Tom Eichman, John Fischer and Ralph Zebell, Bob Manske and Dave Weier, and Jeff Peronto.
It is hard to define "success." In terms of memberships, we gained a number of new members.
In terms of finances, between the raffle, sales of the Beginners' pamphlets and donations,
we returned nearly $140 to the treasury. The one unmeasured term of success is the number
of people we reached toward our goal of educating the public about Astronomy. It is here
that I feel we were successful. Many people attended the functions and "talked astronomy"
with the MAS members. I think we did increase the awareness of the MAS.
After talking with so many people, I have a sense that there is an interest in learning
about astronomy and especially in looking through telescopes. The weather was not friendly
again, but we were able to have some views on Saturday. I think the Committee should pursue
opportunities to have viewings for the public and would like to work on options for doing so.
I am glad the major events are over. We do have another Westgate Fair on Sept 7. The Fair
should run in a formula fashion and take less work; however we still need membership help
to make it successful. More information will follow in the next months.
One of my greatest frustrations was in dealing with the media. There are different
definitions of the word "newsworthy," but in the end, gentle perseverance led to good coverage.
Letters of appreciation have been sent to donors and to the media who helped us. I hope
that this will lay the groundwork for further contacts for future publicity.
CAC's First Year
The end of the first year of the Community Awareness Committee's activities is approaching.
In the beginning, criteria were set to assess whether or not the actions taken were successful.
Those criteria included increased awareness of the MAS and increased contacts with the public.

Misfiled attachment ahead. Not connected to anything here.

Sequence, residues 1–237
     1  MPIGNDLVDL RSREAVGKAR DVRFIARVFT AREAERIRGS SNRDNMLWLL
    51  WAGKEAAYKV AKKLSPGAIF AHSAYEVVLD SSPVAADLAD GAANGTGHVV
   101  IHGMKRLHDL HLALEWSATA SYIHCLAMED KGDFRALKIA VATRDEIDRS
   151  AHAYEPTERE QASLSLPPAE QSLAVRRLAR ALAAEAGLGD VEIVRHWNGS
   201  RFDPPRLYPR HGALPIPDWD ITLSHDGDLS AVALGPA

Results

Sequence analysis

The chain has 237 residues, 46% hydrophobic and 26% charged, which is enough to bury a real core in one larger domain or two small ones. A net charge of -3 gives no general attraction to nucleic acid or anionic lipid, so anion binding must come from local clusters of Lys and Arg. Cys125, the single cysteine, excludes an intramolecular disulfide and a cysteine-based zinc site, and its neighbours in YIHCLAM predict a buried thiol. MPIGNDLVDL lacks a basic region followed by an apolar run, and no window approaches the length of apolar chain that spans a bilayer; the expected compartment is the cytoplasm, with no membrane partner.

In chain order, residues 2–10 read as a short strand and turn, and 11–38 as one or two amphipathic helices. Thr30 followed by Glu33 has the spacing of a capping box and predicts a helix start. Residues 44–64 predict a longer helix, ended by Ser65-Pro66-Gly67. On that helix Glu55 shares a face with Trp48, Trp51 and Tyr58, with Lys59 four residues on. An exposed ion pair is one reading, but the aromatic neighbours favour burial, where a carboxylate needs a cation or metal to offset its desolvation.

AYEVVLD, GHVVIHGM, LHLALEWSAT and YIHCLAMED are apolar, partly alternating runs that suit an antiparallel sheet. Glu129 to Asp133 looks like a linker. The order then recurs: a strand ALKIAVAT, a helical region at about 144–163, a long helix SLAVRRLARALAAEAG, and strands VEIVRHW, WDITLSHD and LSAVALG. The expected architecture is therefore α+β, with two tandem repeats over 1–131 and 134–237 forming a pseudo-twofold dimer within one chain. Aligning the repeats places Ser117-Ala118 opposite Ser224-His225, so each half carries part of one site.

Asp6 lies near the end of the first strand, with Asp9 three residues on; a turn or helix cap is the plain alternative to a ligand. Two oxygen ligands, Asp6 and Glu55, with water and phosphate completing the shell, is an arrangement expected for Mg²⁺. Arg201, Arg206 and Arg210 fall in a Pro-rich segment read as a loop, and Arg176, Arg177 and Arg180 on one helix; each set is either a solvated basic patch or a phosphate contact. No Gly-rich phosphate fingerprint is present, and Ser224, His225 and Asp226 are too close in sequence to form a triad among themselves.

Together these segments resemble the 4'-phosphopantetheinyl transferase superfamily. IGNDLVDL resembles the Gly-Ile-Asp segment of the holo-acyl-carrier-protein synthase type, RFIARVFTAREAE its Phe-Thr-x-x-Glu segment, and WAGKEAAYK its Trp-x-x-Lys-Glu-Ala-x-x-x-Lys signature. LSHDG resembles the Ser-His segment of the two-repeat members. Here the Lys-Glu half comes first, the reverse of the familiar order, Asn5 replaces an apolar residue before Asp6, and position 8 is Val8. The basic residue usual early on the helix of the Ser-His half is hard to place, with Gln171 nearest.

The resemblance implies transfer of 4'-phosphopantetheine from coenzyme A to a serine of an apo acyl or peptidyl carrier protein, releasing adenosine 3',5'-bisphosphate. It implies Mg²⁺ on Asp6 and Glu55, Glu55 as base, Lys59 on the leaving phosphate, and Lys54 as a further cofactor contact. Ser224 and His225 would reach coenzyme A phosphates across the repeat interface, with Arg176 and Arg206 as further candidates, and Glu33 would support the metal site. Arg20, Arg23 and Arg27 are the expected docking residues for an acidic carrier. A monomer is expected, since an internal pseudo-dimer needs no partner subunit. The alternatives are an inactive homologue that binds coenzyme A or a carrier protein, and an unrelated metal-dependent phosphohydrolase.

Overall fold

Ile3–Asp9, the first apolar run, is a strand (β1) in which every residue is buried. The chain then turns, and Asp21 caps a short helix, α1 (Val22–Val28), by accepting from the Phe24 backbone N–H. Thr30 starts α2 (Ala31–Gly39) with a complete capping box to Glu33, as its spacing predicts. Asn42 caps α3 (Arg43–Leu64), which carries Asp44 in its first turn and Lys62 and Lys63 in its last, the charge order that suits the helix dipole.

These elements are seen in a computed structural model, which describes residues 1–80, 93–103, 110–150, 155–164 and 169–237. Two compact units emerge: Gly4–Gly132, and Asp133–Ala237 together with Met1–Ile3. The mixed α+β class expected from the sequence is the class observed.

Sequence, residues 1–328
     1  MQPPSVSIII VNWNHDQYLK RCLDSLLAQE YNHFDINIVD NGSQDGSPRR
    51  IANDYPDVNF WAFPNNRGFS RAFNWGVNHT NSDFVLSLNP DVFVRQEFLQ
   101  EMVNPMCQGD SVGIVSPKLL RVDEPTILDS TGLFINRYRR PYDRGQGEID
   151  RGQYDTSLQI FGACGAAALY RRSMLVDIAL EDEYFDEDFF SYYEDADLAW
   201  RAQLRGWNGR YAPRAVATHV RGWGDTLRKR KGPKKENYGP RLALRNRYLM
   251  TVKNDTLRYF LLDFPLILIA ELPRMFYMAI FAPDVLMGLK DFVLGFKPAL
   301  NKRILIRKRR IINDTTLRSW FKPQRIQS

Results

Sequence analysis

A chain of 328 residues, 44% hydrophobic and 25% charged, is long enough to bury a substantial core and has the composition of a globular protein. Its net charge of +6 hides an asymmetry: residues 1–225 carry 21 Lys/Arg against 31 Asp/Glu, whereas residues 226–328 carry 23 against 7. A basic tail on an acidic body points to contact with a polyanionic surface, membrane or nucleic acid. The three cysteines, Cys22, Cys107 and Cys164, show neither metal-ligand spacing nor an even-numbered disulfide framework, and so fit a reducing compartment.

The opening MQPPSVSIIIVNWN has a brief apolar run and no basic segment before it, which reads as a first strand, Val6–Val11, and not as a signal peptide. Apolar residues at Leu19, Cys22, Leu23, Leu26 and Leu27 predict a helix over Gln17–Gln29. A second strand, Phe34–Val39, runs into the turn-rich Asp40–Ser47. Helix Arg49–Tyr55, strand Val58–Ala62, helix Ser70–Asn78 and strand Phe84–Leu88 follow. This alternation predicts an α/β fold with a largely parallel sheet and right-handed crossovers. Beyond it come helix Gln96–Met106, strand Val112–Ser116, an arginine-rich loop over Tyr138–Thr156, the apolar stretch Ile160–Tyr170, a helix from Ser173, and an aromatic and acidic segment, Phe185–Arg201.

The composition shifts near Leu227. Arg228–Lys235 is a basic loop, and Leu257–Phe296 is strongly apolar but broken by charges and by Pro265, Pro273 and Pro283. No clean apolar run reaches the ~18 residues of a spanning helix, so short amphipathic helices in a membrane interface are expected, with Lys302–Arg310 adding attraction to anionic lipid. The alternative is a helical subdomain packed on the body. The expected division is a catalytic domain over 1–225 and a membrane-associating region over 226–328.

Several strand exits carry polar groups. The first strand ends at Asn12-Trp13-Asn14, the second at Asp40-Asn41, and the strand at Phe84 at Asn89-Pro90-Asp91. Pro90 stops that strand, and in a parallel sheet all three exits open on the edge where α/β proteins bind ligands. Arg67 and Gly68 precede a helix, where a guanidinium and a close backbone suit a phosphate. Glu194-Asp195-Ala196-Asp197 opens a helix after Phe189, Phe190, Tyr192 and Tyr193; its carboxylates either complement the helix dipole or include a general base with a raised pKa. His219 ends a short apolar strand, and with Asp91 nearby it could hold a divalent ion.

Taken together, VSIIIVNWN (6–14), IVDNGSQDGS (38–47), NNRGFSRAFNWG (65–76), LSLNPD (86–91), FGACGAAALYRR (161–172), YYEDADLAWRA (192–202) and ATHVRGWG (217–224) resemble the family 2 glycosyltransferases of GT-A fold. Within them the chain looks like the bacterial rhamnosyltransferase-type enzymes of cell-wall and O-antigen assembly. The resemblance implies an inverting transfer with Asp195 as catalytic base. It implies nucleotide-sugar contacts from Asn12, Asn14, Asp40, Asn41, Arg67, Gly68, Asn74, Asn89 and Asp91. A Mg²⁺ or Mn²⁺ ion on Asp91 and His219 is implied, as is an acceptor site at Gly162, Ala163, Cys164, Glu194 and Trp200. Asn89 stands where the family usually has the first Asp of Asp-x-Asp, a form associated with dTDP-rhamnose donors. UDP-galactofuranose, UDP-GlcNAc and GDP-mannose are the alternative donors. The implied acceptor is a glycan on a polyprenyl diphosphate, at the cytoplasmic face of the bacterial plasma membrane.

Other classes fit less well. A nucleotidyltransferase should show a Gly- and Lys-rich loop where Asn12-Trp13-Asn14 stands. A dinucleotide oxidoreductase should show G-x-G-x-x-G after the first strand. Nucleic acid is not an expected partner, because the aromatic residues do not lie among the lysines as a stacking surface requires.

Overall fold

There was definitely an increase in media coverage, especially in relation to the 60th
Anniversary Celebration. We reached numbers of people. The Friday night activity for kids
had about 70 in the first group--for younger kids and parents-- and somewhat less in the second group.
Between 30 and 40 people, primarily adults, attended the Sunday modules.
The Fair is harder to assess, but there was a steady traffic flow through the exhibits.
We had announcements in newspapers, and on radio and television; we had major coverage in the
Wisconsin State Journal and on two TV newscasters. According to Ma Bell, there were over 350
outgoing calls from my number alone, and probably 75% were related to the activities or
talking with people about the activities.
Another of the criteria was an increase in membership due to the Fair. Although we set the
lofty goal of 10 new members per Fair and did not meet that goal, there were seven new
memberships after the Anniversary Celebration, five of which are directly due to the activities.
On the basis of criteria alone, I think the Committee has been an asset to MAS.